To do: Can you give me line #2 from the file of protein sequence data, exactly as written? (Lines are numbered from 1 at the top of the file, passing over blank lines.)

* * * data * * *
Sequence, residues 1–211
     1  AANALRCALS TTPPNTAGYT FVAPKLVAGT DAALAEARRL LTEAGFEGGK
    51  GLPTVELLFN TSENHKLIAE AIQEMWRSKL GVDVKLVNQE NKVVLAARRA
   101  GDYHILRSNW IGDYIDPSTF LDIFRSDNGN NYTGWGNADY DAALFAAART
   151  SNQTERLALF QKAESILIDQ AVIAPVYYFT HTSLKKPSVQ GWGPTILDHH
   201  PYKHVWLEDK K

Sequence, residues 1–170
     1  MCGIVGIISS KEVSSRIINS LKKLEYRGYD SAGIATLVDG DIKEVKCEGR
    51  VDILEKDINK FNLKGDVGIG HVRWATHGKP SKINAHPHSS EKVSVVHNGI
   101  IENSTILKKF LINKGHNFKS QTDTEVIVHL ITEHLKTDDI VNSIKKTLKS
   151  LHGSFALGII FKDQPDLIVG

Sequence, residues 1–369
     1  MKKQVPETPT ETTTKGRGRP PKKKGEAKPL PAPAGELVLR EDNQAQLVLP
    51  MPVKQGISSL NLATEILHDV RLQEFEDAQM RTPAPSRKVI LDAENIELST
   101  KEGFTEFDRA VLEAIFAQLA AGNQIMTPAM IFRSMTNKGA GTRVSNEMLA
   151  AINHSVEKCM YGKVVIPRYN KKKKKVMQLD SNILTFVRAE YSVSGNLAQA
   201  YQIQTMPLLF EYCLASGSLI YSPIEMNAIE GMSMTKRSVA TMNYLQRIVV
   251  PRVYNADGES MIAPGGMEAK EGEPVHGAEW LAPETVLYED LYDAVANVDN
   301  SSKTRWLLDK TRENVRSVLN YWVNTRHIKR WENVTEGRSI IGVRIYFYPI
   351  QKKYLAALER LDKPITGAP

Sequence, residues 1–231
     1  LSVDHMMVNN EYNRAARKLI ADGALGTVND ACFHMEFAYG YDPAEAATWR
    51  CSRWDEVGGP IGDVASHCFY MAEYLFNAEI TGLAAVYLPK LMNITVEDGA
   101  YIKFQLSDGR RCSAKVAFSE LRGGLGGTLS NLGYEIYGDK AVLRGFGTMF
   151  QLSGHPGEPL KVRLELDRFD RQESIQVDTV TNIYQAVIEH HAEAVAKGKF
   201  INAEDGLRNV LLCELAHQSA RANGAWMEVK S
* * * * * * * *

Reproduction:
     1  AANALRCALS TTPPNTAGYT FVAPKLVAGT DAALAEARRL LTEAGFEGGK